Wale – Folarin II [Review]

Is it just me? Or do fans make Wale out to be more than what he really is? I remember having conversations where they believed Wale was a better artist before he signed with Maybach Music Group. That he used to be the type of rapper that “talked about something” and since linking with Rozay, he has become another mainstream rapper that talks about superficial things and so on and so forth. Yes, this is an actual conversation I had and I can assure you, my friend didn’t know what the fuck he was talking about.

If you go through Wale’s catalog from Attention Deficit and on forward, Wale has been the same rapper he has always been, except now, he has a bigger budget. The problem is, a majority of Wale’s work, in my opinion, is largely forgettable and for a man that has a gigantic chip on his shoulder, the music doesn’t give me that sense that he should be in the conversation with the frontrunners of the game. That’s not to say he isn’t talented, that is not to say that he hasn’t had success, like every album since Ambition, he’s managed to have numerous hit singles under his belt, but for me as a listener, something is just missing. So, in seeing everyone on my timeline hype this album up, even people going as far to say Wale’s latest album, Folarin II, is an “album of the year” contender, it’s time to see what this is about. Here we go!

1. New Balances
Produced by Coop The Truth & Super Miles
We’re starting off very melodic. I mean this is the type of track you’d hear Drake or J. Cole pull off and while this is not bad, this isn’t really anything memorable to latch onto. But all in all, still a good start to the album. That Phylicia Rashad line made me chuckle.

2. Name Ring Bell
Produced by Trizzy
Feeling the bounce of the instrumental. Wale’s flow works for this beat, but I will say, the way he emphasizes the last syllable of his lines during parts in the verse irks me…

I was on the SCEEEENNE, pocket full of GREEEENN.

Stop it slime.

But either way, this will ring off in a playlist. I’m liking it.

3. Poke It Out
Featuring J. Cole; Produced by Cool N Dre
Birds of a feather flocking together on this song. I have been on the fence with this. Like, the song isn’t bad per se. But these days, when artists straight jack a beat like this, it’s hard to get into the new version. When Lupe did it with “Around My Way”, all I want to do is listen to “T.R.O.Y.” and here, it just makes me want to listen to “Vivrant Thing”. Wale doesn’t do much outside of a capable flow and J. Cole does his thing here until his singing outro where he wants to see you play whether you Meg Thee Stallion or Coi Leray and LOOK! The last thing anyone wants to see Coi Leray twerking again. Keep them bones to yourself. All in all, another episode of “J. Cole murdered Wale on his own shit.”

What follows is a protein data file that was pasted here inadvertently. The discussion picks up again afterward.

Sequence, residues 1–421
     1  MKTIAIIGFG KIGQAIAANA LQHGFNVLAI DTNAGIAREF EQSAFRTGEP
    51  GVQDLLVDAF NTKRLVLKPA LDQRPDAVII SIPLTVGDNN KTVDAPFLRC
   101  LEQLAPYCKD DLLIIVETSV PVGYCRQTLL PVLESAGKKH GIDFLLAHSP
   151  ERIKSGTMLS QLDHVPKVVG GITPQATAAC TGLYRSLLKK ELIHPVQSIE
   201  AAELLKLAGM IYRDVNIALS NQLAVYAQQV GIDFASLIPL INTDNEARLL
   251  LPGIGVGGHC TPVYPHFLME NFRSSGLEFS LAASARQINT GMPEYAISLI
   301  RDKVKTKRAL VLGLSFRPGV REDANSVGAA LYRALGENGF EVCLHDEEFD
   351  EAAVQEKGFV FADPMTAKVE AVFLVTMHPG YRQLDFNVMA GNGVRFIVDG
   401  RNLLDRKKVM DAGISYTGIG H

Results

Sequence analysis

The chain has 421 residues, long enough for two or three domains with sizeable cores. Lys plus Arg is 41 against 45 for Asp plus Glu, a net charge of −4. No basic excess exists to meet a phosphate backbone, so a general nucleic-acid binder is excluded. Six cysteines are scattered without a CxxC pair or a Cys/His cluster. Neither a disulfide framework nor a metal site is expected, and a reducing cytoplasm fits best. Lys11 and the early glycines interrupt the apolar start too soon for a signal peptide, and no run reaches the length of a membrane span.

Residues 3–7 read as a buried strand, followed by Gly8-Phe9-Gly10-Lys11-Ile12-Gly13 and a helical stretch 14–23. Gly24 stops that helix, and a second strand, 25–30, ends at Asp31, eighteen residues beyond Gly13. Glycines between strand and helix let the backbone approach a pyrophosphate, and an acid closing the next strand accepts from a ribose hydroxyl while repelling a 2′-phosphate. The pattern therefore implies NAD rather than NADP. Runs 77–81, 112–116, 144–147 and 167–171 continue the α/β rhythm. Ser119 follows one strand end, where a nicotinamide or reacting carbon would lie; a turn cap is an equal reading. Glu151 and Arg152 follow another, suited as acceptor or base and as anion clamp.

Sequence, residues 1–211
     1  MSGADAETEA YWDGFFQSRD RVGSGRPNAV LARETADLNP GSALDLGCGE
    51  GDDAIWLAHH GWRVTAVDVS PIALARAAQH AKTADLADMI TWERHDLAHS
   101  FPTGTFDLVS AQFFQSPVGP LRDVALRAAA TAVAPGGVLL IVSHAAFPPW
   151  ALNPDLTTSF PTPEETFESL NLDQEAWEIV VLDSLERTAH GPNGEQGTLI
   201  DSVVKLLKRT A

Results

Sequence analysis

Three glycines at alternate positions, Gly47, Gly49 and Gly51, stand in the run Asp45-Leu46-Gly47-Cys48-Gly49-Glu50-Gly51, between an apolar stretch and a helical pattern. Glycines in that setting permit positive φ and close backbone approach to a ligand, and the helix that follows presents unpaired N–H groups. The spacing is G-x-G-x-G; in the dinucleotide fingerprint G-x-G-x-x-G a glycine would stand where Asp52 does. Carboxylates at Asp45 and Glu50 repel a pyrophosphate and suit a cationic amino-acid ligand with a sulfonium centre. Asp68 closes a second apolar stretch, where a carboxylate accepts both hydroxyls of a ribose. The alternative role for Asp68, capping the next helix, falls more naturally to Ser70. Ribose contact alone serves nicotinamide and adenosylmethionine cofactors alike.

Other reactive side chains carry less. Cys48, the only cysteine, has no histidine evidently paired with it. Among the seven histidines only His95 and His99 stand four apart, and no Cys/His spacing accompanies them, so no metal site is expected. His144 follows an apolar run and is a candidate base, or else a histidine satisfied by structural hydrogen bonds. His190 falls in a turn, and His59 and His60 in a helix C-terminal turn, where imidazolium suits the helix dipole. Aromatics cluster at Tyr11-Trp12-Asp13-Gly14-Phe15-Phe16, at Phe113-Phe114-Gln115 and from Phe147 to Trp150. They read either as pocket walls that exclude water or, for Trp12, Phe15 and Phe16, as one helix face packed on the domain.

4. Tiffany Nikes
Produced by Good Intent, Endless Torch, Rance, Quintin “Q” Gulledge, Dammo Farmer, Steven Felix, & Norva “VA” Denton
This song really just came and went. There is a couple lines here that stick out.

I do not fuck with white people who silent
I do not fuck with white people who quiet
I do not fuck with white people who see it
Don’t say it, I’m sayin’ they racist compliant

But other than that… that is it.

5. Caramel
Produced by Illmaestro & Lee Major
This sample got on my nerves throughout. Thought this was Brandy but it’s Faith Evans. But this is Wale’s second of six obligatory tracks for the ladies per album. Nothing more, nothing less, nothing to see here. Something straight out of a 90’s soundtrack.

6. Fluctuate
Produced by DJ Khalil
Is Wale rapping this for the niggas or for the bitches???

But all in all, there’s once again, nothing special here. It’s just here.

7. Light Years
Featuring Rick Ross; Produced by 8 Bars & J.U.S.T.I.C.E. League
Let me just say that it is just so refreshing to hear J.U.S.T.I.C.E. League beats again. These guys MADE my 2010s. The next Ross album should just be entirely produced by them; like make me feel like the broke rich negro I am and want to be. With that said, there are parts of this song that I do not like at all. Wale’s singing… Drake he is not. Ross’s verse while not bad, but… you rhyming light years… with light years? Also, white sales…with white sales?